"Two years after Pearl Harbor, the United States had quadrupled the size of our Navy. We were already on an unstoppable path to the Japanese home islands in the Pacific theater," he said. "Two years on from the election and people are still arguing whether we were even attacked and I find that amazing."

The US intelligence community has agreed that the Russian government actively used social media platforms to influence the 2016 election. In February, Special Counsel Robert Mueller's office indicted 13 Russian nationals who allegedly did just that, charging them with conspiracy to defraud the United States. The Russians had engaged in a campaign of "information warfare against the United States," Deputy Attorney General Rod Rosenstein said at the time.

Another indictment, handed down in July, outlined how Russian military intelligence officials allegedly obtained through hacking and then disseminated emails belonging to the Democratic Party and the Hillary Clinton campaign.

Looking back, Stamos told CNN, he was disappointed that the government seemed less interested in the scope of the problem when initially approached in the spring of 2017.

"Considering how much things blew up later in the year, there was a lot less interest from Congress than I would've expected," he said, adding that it seemed most Republicans weren't interested in revisiting what happened in 2016 and that on the Democratic side, it appeared there was less interest because Facebook wasn't pointing to activity directed by the Trump campaign.

Stamos said he believes politics are getting in the way of handling the growing threat of attacks made through social media platforms.

"The political polarization on election hacking is a horrible, horrible problem for the country," he told CNN. "It's the reason why we are in not much better shape in 2018 than we were in 2016."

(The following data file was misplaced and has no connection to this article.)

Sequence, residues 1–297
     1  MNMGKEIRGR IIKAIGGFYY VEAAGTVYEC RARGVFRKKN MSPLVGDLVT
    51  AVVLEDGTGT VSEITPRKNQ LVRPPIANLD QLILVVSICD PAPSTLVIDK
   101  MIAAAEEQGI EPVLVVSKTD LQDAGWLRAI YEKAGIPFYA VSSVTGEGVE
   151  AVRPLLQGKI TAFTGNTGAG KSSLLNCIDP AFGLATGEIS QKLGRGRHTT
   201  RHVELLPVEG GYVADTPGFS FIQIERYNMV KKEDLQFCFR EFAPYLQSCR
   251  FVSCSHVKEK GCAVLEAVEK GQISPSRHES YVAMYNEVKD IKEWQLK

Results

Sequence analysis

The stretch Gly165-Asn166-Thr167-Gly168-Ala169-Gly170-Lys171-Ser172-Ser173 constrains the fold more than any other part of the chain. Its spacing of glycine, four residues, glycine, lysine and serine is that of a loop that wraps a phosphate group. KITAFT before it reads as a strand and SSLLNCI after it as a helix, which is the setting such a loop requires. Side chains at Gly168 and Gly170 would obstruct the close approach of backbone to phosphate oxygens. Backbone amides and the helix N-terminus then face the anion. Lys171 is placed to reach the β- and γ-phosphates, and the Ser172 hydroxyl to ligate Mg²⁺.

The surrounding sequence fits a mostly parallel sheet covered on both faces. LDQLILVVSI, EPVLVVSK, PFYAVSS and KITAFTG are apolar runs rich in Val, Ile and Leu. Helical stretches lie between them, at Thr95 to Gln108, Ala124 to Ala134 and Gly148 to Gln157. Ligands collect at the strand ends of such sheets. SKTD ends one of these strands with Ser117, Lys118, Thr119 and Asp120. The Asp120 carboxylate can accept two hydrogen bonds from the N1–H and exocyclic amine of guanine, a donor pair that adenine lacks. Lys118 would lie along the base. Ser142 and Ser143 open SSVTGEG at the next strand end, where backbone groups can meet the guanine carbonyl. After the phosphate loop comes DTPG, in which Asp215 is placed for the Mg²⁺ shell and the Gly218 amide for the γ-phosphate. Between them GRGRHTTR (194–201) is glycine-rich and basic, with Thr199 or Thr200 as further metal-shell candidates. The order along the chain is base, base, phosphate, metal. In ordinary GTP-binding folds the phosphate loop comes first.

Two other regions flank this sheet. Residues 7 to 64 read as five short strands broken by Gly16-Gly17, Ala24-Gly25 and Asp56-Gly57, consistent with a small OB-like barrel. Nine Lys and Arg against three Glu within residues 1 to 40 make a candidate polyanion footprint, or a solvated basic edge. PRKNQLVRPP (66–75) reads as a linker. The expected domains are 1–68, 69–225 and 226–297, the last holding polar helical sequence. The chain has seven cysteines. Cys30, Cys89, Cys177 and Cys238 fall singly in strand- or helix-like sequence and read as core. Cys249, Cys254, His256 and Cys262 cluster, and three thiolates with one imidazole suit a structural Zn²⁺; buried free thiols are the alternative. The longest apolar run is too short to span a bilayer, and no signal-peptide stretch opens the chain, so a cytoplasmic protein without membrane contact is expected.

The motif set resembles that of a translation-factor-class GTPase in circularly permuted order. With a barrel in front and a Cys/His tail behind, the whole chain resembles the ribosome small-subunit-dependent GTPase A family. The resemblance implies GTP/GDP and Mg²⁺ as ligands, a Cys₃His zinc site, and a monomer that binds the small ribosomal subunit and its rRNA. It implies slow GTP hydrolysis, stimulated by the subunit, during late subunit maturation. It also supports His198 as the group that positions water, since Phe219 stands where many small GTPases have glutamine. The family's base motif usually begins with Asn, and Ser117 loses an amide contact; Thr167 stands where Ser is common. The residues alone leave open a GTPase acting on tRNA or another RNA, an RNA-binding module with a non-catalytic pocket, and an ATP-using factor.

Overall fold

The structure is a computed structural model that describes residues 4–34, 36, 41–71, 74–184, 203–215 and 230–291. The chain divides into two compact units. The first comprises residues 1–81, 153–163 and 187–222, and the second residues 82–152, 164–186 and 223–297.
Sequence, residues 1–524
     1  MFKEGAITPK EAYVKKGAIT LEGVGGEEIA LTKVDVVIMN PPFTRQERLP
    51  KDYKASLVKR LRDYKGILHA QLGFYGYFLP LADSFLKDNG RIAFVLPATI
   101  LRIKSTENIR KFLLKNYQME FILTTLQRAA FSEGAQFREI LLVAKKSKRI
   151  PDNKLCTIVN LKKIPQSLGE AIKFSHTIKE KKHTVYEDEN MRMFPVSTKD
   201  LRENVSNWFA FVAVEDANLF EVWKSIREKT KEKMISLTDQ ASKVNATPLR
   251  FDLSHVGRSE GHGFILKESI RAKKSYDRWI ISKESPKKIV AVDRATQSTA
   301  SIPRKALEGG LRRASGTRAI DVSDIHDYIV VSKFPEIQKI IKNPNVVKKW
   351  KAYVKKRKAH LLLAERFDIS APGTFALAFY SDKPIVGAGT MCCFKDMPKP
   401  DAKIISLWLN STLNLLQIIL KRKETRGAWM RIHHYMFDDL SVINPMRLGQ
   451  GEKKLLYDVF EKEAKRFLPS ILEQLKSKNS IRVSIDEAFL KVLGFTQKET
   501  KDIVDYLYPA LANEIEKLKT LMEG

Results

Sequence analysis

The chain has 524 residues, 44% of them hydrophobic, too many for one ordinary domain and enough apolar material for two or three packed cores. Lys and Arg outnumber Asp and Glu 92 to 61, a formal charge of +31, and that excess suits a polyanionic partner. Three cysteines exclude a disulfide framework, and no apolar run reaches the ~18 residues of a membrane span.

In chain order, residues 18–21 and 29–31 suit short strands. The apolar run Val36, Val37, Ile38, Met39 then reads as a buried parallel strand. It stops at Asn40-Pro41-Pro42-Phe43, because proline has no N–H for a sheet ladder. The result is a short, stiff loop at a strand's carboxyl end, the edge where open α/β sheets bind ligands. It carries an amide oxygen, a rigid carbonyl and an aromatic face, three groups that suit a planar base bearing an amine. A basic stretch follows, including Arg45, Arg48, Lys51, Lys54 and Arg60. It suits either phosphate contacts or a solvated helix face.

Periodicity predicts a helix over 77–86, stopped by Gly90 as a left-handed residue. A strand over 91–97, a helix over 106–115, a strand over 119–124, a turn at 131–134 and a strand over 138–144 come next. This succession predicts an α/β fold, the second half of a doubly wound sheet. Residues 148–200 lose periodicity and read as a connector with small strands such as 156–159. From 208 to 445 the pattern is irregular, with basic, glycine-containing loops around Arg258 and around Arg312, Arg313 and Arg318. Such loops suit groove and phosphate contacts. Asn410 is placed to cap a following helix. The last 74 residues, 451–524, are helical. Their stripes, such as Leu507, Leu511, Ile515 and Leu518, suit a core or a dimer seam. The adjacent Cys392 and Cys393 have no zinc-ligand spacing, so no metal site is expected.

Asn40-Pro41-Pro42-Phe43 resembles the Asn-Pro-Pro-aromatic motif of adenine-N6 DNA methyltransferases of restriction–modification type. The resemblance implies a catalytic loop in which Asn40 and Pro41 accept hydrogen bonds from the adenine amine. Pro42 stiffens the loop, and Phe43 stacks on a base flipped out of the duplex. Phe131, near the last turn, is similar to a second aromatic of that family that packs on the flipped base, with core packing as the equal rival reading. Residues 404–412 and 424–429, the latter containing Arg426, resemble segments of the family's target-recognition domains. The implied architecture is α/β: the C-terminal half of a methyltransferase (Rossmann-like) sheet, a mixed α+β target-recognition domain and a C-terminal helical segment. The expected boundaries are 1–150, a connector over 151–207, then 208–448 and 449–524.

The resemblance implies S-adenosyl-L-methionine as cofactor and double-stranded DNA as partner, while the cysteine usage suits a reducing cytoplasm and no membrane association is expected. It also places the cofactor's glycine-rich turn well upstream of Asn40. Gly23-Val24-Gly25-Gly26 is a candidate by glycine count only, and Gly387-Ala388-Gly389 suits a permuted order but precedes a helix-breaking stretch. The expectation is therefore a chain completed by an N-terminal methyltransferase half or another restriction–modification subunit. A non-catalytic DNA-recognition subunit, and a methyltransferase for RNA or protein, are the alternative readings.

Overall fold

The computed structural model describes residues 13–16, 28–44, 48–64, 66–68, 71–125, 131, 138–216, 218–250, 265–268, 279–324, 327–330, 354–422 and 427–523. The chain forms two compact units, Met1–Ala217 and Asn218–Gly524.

Stamos told CNN that the government must move more aggressively to safeguard the nation's elections. He has among other things called on Congress to pass legislation addressing online disinformation and create a cybersecurity agency dedicated to protecting US elections and voting infrastructure. He also believes each US state must take more assertive steps to ensure the integrity of elections.

"We have the risk of turning our elections into the World Cup of information warfare, where everybody wants to have a piece in it, because we have not demonstrated that we will punish countries that do this to us and we have not addressed the fundamental issues that caused us to get here in the first place," he said.

Companies like Facebook and Twitter are under close watch as they struggle with the role of cracking down on content in a politically charged environment. Stamos offered a view into the dilemma Facebook and other companies face.

"If there's anything I've learned over the last three years it's that you can't win, right? Any content decision we make, any step we take to try to do something that sounds not controversial like protecting election will be portrayed by somebody else as being a partisan decision," he explained.